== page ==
And if you have a window of two to three hours after the steak is cooked in which it can sit in the water bath until you’re ready to reverse sear and serve. After that point, the meat protein breaks down and goes mushy.
What Is the Best Cut for Sous Vide Steak?
Any steak works with sous vide, so pick a cut of meat that you enjoy the most. My personal favorite steak is the ribeye, which has a nice marbling of fat and a robust meatiness.
Since we're doing a reverse sear, I recommend a thicker steak, one that is at least 1 1/2 to 2 inches thick. This allows you to do a proper reverse sear and not have to worry about cooking the inside of the steak any more.
You can sous vide thinner cuts of meat as well, like the skirt steak, flap steak, or hanger steak, but those are harder to reverse sear, as they are so thin that the interior of the meat starts to cook as well. Personally, I’d stick with the ribeye, New York strip, or filet.
How Many Steaks Can You Make at a Time?
You can make as many steaks as you can comfortably fit in your water bath!
- If the steaks are very large, you might want to separate them into different resealable plastic bags, as you don’t want the steaks to overlap in the bag. If they do, you’re creating a super thick steak, which takes longer to cook.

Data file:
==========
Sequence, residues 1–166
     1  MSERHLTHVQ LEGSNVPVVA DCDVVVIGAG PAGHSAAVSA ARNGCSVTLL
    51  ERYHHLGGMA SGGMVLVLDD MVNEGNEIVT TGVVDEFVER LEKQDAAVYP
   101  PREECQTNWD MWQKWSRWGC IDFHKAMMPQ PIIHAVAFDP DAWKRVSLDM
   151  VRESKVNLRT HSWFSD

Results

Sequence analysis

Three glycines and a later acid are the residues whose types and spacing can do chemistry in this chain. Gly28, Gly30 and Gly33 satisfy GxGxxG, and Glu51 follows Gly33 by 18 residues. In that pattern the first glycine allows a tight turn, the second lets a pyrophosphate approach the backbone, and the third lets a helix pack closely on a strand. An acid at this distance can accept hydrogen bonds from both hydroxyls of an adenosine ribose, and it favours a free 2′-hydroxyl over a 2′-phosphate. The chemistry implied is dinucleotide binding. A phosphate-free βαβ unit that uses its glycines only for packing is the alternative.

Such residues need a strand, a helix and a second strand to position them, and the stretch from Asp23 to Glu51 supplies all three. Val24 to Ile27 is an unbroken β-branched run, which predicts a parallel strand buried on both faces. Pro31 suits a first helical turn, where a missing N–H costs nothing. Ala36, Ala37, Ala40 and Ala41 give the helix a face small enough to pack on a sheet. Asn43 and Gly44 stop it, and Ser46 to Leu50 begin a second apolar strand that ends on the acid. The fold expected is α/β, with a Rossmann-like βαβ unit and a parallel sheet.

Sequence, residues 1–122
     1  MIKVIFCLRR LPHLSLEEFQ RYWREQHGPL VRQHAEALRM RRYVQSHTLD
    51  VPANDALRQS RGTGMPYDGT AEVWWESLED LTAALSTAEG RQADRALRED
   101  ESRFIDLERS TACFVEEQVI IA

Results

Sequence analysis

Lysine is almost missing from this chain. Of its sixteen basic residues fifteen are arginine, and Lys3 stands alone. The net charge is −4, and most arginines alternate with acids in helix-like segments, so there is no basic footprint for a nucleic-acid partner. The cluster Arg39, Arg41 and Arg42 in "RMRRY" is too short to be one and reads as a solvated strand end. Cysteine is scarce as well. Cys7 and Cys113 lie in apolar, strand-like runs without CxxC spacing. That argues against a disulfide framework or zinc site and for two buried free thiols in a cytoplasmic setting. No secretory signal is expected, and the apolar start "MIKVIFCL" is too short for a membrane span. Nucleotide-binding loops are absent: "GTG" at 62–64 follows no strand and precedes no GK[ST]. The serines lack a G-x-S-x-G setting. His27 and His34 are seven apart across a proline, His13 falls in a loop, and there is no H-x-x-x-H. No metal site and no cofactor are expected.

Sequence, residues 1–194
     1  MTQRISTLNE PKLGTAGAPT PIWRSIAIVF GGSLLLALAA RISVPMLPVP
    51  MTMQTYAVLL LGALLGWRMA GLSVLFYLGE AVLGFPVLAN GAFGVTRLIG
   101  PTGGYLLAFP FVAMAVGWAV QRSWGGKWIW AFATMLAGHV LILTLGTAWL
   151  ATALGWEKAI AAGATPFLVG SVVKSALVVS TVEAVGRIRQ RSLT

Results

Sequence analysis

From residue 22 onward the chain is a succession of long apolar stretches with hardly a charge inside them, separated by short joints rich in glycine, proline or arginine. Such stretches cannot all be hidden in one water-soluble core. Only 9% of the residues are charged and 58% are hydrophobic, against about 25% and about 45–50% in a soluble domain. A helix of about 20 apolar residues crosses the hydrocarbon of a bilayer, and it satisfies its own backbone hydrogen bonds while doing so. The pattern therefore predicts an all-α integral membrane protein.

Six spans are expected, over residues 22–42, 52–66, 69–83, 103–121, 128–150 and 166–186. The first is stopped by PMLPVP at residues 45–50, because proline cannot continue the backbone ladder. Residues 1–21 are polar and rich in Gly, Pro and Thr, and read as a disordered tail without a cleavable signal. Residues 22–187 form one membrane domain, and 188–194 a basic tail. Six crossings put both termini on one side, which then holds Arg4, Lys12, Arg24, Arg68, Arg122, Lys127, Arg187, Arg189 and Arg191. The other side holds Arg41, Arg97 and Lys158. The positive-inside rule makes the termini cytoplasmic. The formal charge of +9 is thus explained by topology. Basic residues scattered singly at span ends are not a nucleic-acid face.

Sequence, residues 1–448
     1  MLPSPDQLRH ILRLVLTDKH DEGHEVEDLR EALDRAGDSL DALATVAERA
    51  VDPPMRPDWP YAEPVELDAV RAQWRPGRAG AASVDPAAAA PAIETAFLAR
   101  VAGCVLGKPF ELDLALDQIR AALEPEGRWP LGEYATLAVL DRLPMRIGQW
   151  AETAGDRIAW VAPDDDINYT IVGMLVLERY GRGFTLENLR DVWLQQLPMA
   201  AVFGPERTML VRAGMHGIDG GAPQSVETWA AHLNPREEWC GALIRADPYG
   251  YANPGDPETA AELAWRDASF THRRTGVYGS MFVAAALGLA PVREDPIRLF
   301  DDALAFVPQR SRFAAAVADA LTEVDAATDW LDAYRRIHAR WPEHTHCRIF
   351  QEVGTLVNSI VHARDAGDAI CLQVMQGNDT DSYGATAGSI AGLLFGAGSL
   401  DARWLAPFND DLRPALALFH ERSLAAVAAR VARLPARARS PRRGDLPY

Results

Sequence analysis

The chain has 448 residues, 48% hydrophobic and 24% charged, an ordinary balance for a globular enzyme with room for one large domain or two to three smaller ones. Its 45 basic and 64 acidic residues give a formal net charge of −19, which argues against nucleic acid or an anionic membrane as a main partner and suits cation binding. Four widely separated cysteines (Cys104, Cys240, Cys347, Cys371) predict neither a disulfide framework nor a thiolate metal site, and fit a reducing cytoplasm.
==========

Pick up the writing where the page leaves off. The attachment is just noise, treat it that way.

- If the steaks are smaller, you can place them in the same resealable bag; just make sure they aren’t stacked or touching sides, so the water bath can properly circulate and bring the steaks to the right temperature within the proper time frame. If they do touch, it will take longer for the water bath to cook the steak.
How Should I Season the Steak?
My go-to method is to just season the steak with kosher salt and fresh ground pepper before sealing them in the bag. Easy and classic.
Sprinkle the salt and pepper from high above (about two or three feet above the piece of meat). This might sound messy, but it allows the salt and pepper to float through the air and disperse evenly over the surface of the meat. The closer you are to the meat as you season it, the more the sprinkling of the salt and pepper will fall JUST where your fingers are, not all over the steak.
You can also season the steak with fresh herbs, like a couple of sprigs of thyme or a branch of rosemary, or slice up some fresh garlic and use that as well. Common pantry spices and ingredients such as garlic salt, paprika, chili powder, oregano, and a touch of brown sugar are also great.